While sceptics of the stove industry were quick to highlight the challenges for the sector, the industry is fighting back. While these Ecodesign regulations do not come into place until 2022, even if the UK no longer has a trade agreement with the European Union, the majority of new stoves are already Ecodesign compliant. Yes, the industry, which many would have you believe is inefficient and damaging to the environment, is already ahead of the regulations. How many mass media publications highlight this?

Burning the right type of fuel

Regulators, governments and stove manufacturers have been extremely detailed in their advice to those using wood-burning and multifuel stoves. However, there are still some issues with regards to burning the “right type of fuel”.

• Wood seasoning

It is important, indeed vital, but only seasoned wood is burned on a wood-burning/multifuel stove. The moisture content of this fuel should be no more than 20%. Moisture content greater than 20% will not only lead to increased emissions but also reduced efficiency. In this scenario, a significant element of heat energy will be used to dry the wood, with no direct benefit to the user.

• Solid fuels

While it is legal to burn traditional coal out with a smoke control area, there are now smokeless options and more efficient fuels available. More and more people are now becoming aware of the environment, emissions and the opportunity to reduce the damage by using smokeless fuel.

• Burning rubbish

Even though the environment has been front and centre of the political arena for years, many people still burn rubbish on their wood-burning/multifuel stoves (and even open fireplaces). Products such as plastic will create potentially harmful local emissions, not to mention releasing toxic pollution into the atmosphere. Stick to the fuels advised by the stove manufacturer!

When you read the advice regarding fuel, the correct fuel for the environment, it looks straightforward. Unfortunately, many people are constantly breaking the law and burning rubbish, plastics and other materials.

Servicing your stove

Akin to servicing your car, many people see the cost of servicing their stove as an added expenditure with no real benefits. How wrong they are!

There are numerous issues to take into consideration regarding the regular servicing of your stove which include:-

• Blockages

You may find that various areas of your stove have built up waste materials which can sometimes cause blockages, or reduced airflow. Anything which reduces the controlled airflow around your stove will reduce the efficiency of the machine. If your stove is creating less heat then it will require more fuel to make up the shortfall. Obviously, the more fuel you burn the greater the potential impact on the environment.

• Cracks and leaks

The traditional design of a wood-burning/multifuel stove has to all intense and purposes remained unchanged for decades. They may look bulky, cumbersome and inefficient from the outside looking in, but this impression is wrong. All stoves depend upon an ability to retain heat within the body of the machine and release this in a controlled manner. This ensures that fuel efficiency is as high as possible; fuel is burnt, with emissions burnt and re-burnt before being released. Therefore, if there are cracks and leaks from your stove this will impact the efficiency, leading to an increased fuel requirement.

• Flue liner

The majority of stove installations will a require flue liner, whether up through the chimney or an alternative exit route. It is important to ensure that the flue liner is cleaned on a regular basis to reduce blockages. Not only can these significantly impact the efficiency of your stove but they can prove dangerous – fires caused by the thick tar residue. A relatively large blockage could push emissions back down into your room with a potentially fatal impact on health.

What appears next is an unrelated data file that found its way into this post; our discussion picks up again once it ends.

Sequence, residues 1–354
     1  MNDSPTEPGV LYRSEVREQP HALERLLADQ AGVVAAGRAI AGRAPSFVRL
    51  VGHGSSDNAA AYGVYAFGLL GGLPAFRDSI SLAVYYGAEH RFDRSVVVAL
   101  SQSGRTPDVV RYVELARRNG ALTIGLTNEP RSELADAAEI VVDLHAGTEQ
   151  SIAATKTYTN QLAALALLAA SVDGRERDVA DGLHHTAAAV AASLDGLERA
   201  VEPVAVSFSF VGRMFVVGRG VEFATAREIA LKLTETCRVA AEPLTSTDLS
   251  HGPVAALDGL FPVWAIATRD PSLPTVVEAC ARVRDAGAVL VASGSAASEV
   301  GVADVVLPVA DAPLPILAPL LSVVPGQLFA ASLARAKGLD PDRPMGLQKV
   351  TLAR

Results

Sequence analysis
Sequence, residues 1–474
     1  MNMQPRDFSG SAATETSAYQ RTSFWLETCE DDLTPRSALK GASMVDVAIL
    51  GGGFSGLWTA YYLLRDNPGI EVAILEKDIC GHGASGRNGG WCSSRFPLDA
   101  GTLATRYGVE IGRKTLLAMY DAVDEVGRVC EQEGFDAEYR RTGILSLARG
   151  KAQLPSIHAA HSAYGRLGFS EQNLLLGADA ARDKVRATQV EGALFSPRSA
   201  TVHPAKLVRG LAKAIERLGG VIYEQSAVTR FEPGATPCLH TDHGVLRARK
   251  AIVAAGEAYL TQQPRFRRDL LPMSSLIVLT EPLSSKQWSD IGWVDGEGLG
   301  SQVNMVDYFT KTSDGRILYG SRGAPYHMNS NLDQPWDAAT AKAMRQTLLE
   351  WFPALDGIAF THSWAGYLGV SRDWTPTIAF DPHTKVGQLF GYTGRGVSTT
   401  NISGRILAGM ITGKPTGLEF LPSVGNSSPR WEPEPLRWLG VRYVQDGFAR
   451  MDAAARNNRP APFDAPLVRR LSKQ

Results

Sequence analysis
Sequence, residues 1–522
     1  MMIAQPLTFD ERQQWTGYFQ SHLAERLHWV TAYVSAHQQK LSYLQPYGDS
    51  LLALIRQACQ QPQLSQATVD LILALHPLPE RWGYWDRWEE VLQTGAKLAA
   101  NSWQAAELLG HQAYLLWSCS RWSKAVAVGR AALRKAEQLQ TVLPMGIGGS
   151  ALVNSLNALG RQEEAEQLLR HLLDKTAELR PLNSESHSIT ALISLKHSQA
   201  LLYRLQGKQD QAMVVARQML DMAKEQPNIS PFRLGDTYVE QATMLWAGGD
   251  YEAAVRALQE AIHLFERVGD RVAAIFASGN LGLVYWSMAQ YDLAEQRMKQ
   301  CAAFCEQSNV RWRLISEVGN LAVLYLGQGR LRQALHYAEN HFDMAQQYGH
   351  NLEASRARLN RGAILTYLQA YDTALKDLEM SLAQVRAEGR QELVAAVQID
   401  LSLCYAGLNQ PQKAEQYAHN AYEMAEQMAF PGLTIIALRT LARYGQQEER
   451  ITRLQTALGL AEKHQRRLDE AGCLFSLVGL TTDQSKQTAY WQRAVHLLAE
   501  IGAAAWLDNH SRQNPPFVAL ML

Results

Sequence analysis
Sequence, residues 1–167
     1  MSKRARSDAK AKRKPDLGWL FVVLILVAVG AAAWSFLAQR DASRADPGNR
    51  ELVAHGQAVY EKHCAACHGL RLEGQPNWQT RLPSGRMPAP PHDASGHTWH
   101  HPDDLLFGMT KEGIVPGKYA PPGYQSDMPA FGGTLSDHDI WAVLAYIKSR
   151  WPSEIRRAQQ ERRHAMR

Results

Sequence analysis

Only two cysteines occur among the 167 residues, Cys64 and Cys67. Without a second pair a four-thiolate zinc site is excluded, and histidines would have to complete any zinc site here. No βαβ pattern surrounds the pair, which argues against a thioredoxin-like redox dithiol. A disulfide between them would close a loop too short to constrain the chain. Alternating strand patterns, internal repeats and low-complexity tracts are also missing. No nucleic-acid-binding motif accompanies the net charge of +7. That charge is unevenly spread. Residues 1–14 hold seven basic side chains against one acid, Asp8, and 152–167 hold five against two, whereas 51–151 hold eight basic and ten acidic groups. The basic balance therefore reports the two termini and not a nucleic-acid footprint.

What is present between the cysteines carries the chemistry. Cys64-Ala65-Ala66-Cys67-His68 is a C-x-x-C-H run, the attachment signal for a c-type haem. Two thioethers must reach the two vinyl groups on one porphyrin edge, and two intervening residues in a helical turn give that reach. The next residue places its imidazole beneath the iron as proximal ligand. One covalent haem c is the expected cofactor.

• Chimney sweep

This is more relevant for open fires where there is no flue liner, although something to bear in mind for stove owners. In the year to March 2020 there were 3,130 homes in England which experienced chimney fires as a consequence of a buildup of flammable tar. This is the material created when burning fuel, where the emissions are released via the chimney. A simple, and very quick, sweep of your chimney can avoid any potential disasters.

Follow the guidance for an unbelievable experience

There are approaching 2 million stoves in the UK and even the introduction of tighter regulations has done little to dampen demand. We know that stove manufacturers are more aware than ever of their environmental responsibilities and the efficiency of their machines. As a consequence, the majority of new stoves offered to the market are already Ecodesign friendly, despite the fact these regulations don’t come in until 2022. You will also notice the huge increase in DEFRA approved stoves and the detailed guidance on which fuels can be used.

Stick to the guidelines, burn the correct fuel, service your stove on a regular basis and ensure that your flue liner/chimney is clear. These simple acts will minimise any emissions into the atmosphere and highlight the huge difference between open fireplaces and their stove counterparts.


The mass media have been targeting the stove industry for some time now. Many people are of the impression that they are not able to burn wood in smoke control areas – or elsewhere! This is wrong. The DEFRA approved machines used in smoke control areas ensure a minimum level of combustion air. As a consequence the wood/smokeless fuel is burnt efficiently, reducing emissions.

You will also find that many stoves of today have a triple combustion process. The fuel is initially burnt, emissions burnt and then re-burnt before being released. This not only maximises heat output and efficiency, but it can significantly reduce ultimate emissions. Many would argue that the UK stove industry has gone above and beyond with regards to reducing emissions and helping the environment. However, when you see the industry grouped with open fires, you do need to appreciate the huge difference in efficiency and emissions.